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could be prejudicial to the parties and confuse the jury, leading the jury to believe that the Court has already made a decision on the issues on which the jury must decide. Motorola does not propose an alternative to Microsoft’s Proposed Final Instruction No. 5 because an introductory statement regarding the Court’s prior rulings is unnecessary and prejudicial. Microsoft also proposes that its Proposed Preliminary Jury Instruction No. 2 be read as part of this instruction. Motorola objects to that instruction, as well as its inclusion as part of this instruction, for the reasons set forth with respect to Microsoft’s Proposed Preliminary Instruction No. 2, including that it seeks to impute the entire reasoning of the prior order of the Court to the jury in violation of Motorola’s Seventh Amendment right to trial by jury. Motorola intends to

Conclusions of Law, and incorporates its arguments in that motion herein by reference.

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1 2 3 4 5 6 7 8 9 10 11 12 13 14 15 16 implications of such exhibits once they are introduced. Charts and summaries can come in a 17 18 19 20 21 22 23 24 25 26 JOINT STATEMENT OF DISPUTED JURY INSTRUCTIONS - 47
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Final Instruction No. 13. (Charts and Summaries Not Received in Evidence) Proposed by Motorola Note: The following instruction would be read if either party shows the jury charts or summaries which are not received in evidence. Certain charts and summaries not received in evidence may be shown to you in order to help explain the contents of books, records, documents, or other evidence in the case. They are not themselves evidence or proof of any facts. If they do not correctly reflect the facts or figures shown by the evidence in the case, you should disregard these charts and summaries and determine the facts from the underlying evidence.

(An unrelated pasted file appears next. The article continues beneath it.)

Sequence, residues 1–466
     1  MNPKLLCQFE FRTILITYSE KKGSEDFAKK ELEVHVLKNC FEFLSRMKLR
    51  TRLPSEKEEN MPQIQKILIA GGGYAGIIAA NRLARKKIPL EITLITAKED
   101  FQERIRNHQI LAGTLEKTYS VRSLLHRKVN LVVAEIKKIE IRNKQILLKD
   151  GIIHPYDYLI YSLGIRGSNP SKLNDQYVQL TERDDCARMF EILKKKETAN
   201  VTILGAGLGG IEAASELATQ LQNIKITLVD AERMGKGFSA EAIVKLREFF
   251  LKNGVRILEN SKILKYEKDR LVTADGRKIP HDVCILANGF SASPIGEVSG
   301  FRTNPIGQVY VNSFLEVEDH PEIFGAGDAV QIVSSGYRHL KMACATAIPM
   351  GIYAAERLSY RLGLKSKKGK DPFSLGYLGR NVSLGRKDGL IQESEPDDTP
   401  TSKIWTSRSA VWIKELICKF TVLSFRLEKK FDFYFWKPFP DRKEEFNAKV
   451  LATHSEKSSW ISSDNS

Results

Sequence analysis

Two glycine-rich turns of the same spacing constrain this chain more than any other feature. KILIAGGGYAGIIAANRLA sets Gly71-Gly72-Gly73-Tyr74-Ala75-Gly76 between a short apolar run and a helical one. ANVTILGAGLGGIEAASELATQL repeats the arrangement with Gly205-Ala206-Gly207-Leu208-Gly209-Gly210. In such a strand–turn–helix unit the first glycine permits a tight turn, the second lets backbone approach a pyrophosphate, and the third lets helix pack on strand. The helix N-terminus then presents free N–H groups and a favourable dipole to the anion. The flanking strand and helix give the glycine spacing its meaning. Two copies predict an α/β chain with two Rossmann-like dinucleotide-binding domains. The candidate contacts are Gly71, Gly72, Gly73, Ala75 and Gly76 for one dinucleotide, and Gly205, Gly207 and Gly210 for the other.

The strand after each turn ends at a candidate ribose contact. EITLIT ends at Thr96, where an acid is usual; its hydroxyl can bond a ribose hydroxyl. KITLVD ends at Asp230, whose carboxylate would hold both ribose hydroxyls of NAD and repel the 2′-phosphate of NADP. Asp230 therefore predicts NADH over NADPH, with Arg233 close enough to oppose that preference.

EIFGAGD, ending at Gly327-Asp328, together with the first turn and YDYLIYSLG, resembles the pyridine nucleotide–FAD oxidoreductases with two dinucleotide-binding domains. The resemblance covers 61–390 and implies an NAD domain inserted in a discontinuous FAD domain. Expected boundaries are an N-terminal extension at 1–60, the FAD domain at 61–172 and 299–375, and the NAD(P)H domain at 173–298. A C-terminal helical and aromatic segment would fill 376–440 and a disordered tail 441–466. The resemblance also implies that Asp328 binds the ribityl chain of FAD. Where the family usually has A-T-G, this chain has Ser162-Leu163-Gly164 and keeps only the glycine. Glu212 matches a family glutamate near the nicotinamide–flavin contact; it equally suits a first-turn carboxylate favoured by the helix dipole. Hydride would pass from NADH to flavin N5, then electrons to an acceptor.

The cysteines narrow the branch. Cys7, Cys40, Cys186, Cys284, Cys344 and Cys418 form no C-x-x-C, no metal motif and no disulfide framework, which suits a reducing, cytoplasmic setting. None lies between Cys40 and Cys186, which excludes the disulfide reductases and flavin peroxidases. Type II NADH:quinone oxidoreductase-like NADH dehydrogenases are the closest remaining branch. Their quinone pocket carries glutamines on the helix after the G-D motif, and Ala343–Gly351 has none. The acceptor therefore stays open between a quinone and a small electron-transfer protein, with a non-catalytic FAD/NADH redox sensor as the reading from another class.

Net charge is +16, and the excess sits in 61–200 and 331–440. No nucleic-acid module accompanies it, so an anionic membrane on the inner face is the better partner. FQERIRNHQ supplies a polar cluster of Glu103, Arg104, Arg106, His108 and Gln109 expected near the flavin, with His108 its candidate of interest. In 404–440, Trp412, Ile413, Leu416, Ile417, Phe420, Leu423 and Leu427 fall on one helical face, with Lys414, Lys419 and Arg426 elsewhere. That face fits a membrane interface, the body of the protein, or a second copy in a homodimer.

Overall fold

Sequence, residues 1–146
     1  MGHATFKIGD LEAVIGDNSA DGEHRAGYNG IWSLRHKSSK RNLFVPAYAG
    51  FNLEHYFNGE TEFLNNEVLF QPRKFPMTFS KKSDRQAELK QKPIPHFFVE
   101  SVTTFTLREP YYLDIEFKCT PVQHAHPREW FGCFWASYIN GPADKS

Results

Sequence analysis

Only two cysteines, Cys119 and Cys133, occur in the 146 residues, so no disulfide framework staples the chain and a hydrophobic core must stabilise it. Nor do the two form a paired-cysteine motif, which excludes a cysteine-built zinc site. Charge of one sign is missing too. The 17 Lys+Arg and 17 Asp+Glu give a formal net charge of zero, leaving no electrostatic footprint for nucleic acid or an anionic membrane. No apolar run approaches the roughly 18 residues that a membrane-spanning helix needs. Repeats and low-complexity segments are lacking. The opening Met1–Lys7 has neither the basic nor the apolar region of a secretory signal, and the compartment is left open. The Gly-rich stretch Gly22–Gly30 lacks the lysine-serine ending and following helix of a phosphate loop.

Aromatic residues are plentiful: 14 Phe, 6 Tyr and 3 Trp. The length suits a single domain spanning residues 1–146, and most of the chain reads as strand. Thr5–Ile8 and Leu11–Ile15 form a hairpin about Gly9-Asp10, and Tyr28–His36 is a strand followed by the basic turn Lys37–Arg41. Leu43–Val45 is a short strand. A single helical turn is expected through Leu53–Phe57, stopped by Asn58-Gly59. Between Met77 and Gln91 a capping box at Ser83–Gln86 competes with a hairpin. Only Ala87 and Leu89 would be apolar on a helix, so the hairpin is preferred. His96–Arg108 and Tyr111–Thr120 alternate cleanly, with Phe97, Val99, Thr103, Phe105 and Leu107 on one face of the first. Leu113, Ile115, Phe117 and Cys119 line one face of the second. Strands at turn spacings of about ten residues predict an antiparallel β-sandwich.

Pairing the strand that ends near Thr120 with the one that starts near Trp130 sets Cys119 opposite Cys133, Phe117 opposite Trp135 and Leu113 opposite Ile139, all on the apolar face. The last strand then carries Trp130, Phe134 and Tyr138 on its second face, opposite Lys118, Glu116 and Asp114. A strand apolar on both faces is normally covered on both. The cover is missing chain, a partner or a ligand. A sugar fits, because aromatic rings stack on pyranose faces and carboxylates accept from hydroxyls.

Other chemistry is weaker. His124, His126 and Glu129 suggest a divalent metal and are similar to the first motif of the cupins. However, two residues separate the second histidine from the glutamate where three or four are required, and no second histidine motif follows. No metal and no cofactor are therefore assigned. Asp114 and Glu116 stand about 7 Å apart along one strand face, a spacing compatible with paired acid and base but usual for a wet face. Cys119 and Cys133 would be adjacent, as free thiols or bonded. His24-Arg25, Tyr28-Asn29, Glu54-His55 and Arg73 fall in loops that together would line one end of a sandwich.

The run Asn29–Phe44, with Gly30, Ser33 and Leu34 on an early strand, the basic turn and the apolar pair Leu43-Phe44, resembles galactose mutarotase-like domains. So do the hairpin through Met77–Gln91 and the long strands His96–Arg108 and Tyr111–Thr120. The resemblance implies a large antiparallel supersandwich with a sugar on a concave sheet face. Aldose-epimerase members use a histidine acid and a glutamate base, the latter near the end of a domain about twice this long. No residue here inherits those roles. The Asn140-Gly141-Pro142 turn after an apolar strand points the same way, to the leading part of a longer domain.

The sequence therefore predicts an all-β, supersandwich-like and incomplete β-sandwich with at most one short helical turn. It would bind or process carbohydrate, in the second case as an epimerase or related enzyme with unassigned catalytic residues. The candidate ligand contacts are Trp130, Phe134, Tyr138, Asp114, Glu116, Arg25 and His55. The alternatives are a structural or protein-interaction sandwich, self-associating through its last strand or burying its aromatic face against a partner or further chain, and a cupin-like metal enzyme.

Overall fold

Authority for Instruction: Ninth Circuit Model 2.12

Microsoft’s response: Microsoft believes that exhibits containing charts and summaries should be addressed on a case-by-case basis, with the Court advising the jury on evidentiary

wide variety of forms and can draw on a variety of underlying sources, making an “all purpose” instruction inadequate and potentially confusing. Moreover, to the extent any charts or summaries do not “correctly reflect the facts or figures shown by the evidence in the case,” Microsoft expects that the parties will object on other grounds. Whether an instruction of this kind will be necessary cannot be determined until evidence has been taken.

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1 2 3 4 5 6 7 8 9 10 11 12 13 Microsoft’s response: Microsoft believes that exhibits containing charts and summaries should 14 15 16 17 18 19 20 21 22 23 24 25 26 JOINT STATEMENT OF DISPUTED JURY INSTRUCTIONS - 48
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Final Instruction No. 14. (Charts and Summaries Received Into Evidence) Proposed by Motorola Note: The following instruction would be read if there are any charts or summaries received into evidence. Certain charts and summaries may be received into evidence to illustrate information brought out in the trial. Charts and summaries are only as good as the underlying evidence that supports them. You should, therefore, give them only such weight as you think the underlying evidence deserves.

Authority for Instruction: Ninth Circuit Model 2.13

be addressed on a case-by-case basis, with the Court advising the jury on evidentiary implications of such exhibits once they are introduced. Charts and summaries can come in a wide variety of forms and can draw on a variety of underlying sources, making an “all purpose” instruction inadequate and potentially confusing. Whether an instruction of this kind will be necessary cannot be determined until evidence has been taken.

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Final Instruction No. 16. (Promise Defined) Proposed by Microsoft A promise is an expression that justifies the person to whom it is made in reasonably believing that a commitment has been made that something specific will happen or not happen in the future. A promise may be expressed orally, in writing, or by conduct.